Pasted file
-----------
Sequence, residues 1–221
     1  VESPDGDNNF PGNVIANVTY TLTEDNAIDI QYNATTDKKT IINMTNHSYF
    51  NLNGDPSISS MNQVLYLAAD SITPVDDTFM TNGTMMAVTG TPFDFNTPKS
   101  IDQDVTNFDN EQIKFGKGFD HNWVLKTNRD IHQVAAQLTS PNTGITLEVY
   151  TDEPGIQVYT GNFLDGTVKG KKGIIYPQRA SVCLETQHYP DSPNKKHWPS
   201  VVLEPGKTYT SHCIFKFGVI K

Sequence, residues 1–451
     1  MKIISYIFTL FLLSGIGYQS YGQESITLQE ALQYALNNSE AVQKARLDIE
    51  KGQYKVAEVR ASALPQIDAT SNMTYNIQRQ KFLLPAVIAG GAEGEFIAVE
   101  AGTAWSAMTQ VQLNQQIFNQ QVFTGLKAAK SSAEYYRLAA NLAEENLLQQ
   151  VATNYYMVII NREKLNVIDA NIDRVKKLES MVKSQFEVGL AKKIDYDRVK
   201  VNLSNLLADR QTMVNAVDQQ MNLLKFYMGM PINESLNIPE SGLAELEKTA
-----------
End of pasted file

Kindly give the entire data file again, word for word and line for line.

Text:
Sequence, residues 1–221
     1  VESPDGDNNF PGNVIANVTY TLTEDNAIDI QYNATTDKKT IINMTNHSYF
    51  NLNGDPSISS MNQVLYLAAD SITPVDDTFM TNGTMMAVTG TPFDFNTPKS
   101  IDQDVTNFDN EQIKFGKGFD HNWVLKTNRD IHQVAAQLTS PNTGITLEVY
   151  TDEPGIQVYT GNFLDGTVKG KKGIIYPQRA SVCLETQHYP DSPNKKHWPS
   201  VVLEPGKTYT SHCIFKFGVI K

Sequence, residues 1–451
     1  MKIISYIFTL FLLSGIGYQS YGQESITLQE ALQYALNNSE AVQKARLDIE
    51  KGQYKVAEVR ASALPQIDAT SNMTYNIQRQ KFLLPAVIAG GAEGEFIAVE
   101  AGTAWSAMTQ VQLNQQIFNQ QVFTGLKAAK SSAEYYRLAA NLAEENLLQQ
   151  VATNYYMVII NREKLNVIDA NIDRVKKLES MVKSQFEVGL AKKIDYDRVK
   201  VNLSNLLADR QTMVNAVDQQ MNLLKFYMGM PINESLNIPE SGLAELEKTA